“Mmmm..yeah. It does.” I said, smiling.
“Later,” she said, and then she was gone. Benny had stopped laughing and he was back to rocking mode. It was over..for now. I turned to the staff that remained.
“That’s it, people. No take downs today. But…thanks for coming.” The four therapy aides backed out of the room slowly, still keeping their eyes on Ben.
“Rick…?” I turned to face Barbara.
“I don’t know, Barb,” I shook my head. “It’s definitely new, damn if I can figure it out.” I shook my head slowly. “You don’t have to stay. I’ll be fine…I can walk him back to…”
“Puzzle,” Ben cut in. I turned to face him. He stared at me, a look I’d never seen before.
“Puzzle,” he said again. I glanced at Barb, who shrugged her shoulders.
“I don’t have any puzzles, here, guy. “ He smiled and still looking at me, bent down, stretched his body like in a game of ‘twister’. His eyes never left mine as his big hand zeroed in and rested on the marking pencil.
“Puzzle,” he said again. He picked up the red pencil and rolled it between his fingers.
“I’ll take that,” I said, eyeing the sharp point. He started to hand it to me, but pulled back, turned away and began to run towards the behavior graph wall.
“Hey!” I snapped. I reached out and caught him by his big belt buckle, before he reached the wall.
“You don’t grab things from people, Benny.” I snatched it out of his hand.
“Puzzle,” he said again. He snatched the pencil back, but then immediately shoved it into my hand.
Then it clicked. “Oh, a trade in,” He smiled and began flapping his hands. I turned back to Barbara.
“He’s been earning puzzles for tracing his name. He trades in the pencil for the puzzle when he’s done.” But Barb wasn’t listening. She had that look. She was staring at the wall where I posted my client’s behavior graphs. I was so distracted watching her, I didn’t see Ben come up behind me. He grabbed the pencil from my hand and ran to the graphs.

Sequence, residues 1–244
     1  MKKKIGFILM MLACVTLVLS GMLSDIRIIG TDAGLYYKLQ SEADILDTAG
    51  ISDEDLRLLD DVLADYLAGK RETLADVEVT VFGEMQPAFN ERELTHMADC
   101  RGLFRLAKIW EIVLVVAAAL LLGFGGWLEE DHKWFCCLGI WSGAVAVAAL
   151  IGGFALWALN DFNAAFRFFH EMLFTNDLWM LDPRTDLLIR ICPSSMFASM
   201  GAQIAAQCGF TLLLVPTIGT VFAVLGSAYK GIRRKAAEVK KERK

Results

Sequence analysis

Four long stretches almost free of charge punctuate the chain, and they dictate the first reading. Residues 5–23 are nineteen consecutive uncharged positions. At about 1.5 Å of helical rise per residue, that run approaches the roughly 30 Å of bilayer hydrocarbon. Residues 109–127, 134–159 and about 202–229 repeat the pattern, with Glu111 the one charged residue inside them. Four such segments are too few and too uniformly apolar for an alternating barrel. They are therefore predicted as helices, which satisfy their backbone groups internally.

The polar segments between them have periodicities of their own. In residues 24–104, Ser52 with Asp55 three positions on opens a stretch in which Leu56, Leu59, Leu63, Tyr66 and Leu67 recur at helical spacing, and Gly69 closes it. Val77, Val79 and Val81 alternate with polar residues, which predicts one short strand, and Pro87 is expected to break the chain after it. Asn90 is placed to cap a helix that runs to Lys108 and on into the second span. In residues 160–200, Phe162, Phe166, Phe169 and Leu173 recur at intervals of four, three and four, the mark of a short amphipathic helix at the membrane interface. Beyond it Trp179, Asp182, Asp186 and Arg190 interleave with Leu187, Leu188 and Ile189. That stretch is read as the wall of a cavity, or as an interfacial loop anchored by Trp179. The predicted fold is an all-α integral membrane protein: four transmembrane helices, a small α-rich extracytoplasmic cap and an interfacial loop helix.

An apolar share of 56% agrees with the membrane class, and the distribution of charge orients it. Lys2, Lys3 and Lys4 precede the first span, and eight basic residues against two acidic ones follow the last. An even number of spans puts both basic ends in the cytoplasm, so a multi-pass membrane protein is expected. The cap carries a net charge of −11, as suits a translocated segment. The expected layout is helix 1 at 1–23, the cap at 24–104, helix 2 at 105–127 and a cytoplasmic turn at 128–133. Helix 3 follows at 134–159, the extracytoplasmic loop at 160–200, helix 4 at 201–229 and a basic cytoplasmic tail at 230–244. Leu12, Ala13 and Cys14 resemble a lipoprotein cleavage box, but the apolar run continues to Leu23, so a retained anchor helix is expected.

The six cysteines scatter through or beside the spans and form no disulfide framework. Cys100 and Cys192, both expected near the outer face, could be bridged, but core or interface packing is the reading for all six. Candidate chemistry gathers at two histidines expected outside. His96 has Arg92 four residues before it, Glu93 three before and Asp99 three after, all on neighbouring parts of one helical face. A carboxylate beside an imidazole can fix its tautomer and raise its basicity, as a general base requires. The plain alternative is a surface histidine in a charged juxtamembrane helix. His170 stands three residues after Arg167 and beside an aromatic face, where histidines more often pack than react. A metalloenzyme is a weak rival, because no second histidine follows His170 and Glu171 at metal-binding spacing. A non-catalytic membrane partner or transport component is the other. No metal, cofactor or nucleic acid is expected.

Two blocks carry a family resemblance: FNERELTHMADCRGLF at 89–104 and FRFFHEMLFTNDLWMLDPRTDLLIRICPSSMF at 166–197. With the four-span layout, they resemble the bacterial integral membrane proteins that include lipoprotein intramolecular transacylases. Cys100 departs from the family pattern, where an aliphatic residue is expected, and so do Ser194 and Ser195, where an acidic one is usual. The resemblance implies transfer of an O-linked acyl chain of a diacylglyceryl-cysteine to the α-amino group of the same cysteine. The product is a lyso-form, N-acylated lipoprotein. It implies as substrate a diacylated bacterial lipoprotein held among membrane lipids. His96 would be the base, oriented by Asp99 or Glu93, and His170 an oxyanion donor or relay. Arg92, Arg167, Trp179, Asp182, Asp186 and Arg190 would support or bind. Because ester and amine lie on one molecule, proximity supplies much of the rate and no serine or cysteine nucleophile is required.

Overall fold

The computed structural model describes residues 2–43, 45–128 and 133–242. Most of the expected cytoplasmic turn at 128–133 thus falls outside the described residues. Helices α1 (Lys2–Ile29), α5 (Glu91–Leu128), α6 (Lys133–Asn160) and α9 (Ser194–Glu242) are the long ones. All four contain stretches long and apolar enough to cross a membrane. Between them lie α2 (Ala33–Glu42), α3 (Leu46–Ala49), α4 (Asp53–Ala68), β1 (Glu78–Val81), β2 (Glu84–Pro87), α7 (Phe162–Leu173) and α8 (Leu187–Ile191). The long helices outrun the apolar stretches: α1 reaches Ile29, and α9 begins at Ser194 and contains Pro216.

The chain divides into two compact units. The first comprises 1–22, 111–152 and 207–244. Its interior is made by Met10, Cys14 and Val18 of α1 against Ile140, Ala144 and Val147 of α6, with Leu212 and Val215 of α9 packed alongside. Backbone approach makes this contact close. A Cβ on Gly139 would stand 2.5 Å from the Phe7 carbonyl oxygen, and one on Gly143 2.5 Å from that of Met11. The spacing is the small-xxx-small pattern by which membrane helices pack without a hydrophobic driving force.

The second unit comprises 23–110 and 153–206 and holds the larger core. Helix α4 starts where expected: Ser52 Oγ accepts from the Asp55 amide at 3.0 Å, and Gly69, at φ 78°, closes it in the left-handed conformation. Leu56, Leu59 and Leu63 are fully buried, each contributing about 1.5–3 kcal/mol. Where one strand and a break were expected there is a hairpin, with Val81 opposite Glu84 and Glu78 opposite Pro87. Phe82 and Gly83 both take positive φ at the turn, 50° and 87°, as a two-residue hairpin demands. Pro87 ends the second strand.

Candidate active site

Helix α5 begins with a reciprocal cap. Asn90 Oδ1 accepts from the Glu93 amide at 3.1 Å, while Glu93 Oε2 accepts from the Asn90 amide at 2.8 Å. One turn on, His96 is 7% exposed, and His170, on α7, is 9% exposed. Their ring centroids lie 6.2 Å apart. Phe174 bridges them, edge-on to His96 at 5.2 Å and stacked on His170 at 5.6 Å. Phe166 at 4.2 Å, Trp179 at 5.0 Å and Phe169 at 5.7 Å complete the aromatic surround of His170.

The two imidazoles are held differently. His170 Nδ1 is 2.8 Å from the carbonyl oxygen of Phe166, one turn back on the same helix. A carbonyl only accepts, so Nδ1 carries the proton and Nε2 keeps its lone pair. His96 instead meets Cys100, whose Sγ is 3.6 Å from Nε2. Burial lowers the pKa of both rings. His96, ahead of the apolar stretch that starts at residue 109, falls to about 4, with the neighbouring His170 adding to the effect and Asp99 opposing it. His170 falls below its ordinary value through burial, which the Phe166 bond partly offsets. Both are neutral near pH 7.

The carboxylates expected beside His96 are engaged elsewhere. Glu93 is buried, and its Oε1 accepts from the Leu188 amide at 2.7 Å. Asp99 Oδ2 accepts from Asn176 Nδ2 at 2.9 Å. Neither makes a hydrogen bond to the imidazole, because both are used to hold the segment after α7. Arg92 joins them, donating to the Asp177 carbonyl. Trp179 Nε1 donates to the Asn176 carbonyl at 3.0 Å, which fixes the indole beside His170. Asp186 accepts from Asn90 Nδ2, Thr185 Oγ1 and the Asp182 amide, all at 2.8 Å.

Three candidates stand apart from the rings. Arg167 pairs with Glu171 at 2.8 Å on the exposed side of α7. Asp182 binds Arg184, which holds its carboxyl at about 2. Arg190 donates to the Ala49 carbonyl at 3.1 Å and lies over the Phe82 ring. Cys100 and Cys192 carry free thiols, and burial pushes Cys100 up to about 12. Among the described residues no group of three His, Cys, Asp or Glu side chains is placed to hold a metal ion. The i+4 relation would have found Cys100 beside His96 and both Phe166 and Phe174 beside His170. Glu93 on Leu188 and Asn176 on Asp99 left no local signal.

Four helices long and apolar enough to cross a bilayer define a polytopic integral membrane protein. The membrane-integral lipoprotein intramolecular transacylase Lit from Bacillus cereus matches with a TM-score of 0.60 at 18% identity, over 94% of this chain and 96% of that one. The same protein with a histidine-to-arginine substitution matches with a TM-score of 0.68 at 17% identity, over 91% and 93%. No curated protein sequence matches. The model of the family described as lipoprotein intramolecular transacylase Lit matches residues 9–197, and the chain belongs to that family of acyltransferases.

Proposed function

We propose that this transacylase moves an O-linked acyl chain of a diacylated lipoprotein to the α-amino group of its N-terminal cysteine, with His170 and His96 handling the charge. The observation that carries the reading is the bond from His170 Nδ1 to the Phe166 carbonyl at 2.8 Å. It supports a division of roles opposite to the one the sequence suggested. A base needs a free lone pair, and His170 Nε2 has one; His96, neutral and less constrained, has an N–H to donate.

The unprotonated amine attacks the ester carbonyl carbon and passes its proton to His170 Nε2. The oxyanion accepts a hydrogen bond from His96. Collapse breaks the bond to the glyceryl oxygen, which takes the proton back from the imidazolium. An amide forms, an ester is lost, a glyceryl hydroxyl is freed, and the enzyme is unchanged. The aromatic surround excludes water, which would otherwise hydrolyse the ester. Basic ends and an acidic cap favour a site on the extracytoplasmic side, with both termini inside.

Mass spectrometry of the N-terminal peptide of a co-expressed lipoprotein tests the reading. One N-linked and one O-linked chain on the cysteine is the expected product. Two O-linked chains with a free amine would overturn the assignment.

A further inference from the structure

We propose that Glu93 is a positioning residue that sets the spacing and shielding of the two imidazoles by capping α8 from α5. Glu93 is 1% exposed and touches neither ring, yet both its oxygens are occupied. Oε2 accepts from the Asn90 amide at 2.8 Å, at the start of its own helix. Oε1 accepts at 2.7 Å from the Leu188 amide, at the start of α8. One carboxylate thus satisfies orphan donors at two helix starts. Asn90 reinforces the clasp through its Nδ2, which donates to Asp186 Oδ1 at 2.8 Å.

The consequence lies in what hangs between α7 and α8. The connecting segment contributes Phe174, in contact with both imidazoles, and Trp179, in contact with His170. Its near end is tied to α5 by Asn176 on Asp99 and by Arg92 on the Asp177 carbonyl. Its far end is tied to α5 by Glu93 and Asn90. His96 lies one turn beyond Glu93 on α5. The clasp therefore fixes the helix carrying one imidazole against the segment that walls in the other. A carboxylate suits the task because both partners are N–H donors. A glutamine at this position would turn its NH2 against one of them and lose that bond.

“Benny!” But it was too late. He ran to the graphs and began to mark one up with the pencil. I was just about to shove him away when I realized it he was marking his graph. His graph.
To insure consumer confidentiality, the graphs weren’t labeled by name. And even if they had been, Ben couldn’t read. To an outside observer, my graph wall was an abstract painting. Each individual behavior was color coded. Self-stimulatory behaviors such as rocking and hand-flapping, and finger-flicking, were indicated by orange, yellow and blue lines. Red was reserved for self-injurious biting, scratching or head-banging.
I had a caseload of fifteen consumers, and collectively they had the range of stereotypical of behaviors associated with autism. All those behaviors were color-coded on my wall. It took a sophisticated data based program to find patterns. There was no way to distinguish one graph from another. But Benny had zeroed in on his. Silently I watched as he retraced the red lines of his graph. He would trace, stop, close his eyes and rub the pencil between his fingers. That was…familiar.
“Rick..?” Her voice made me jump. I’d forgotten she was there. I slowly turned to face her.
“Yeah, Barb? What?” But she couldn’t answer me. Her eyes had gone glassy wide, her face had lost some color and there were beads of sweat on her forehead. I moved quickly and got a chair and gently helped her sit.
“You, okay?” She was still looking past me, staring at Ben as he traced the graph lines. I knew that look. She was there in body but her mind was gone. It was occupied with a problem concerning one of “her people,” as she liked to call the consumers. It was a look I’d grown to respect. She slowly moved her gaze from Benny to me. Her eyes locked onto mine.
“I’ve got a tape. You should see it. Please.” Barb never said please. She was always about business. Direct and curt, but she was one of the most caring people I’d ever met.
“Sure.” I nodded towards Ben. Just let me get him back to where he belongs. I’ll meet you in multi-media.” I studied her face a moment. “Need help?”
“No…thanks…I’ll be…fine. She rose slowly from the chair, took a breath, and steadied herself. She looked past me and stared at Benny once more before she left. Whatever it was, it wouldn’t let go.
(to be continued)…
This one is for anyone who has ever wondered where they belong, and where they fit in the great scheme of things.Commentaire d´auteur
Toutes les droites appartiennent à son auteur Il a été publié sur e-Stories.org par la demande de Joseph Trance.
Publié sur e-Stories.org sur 20.06.2009.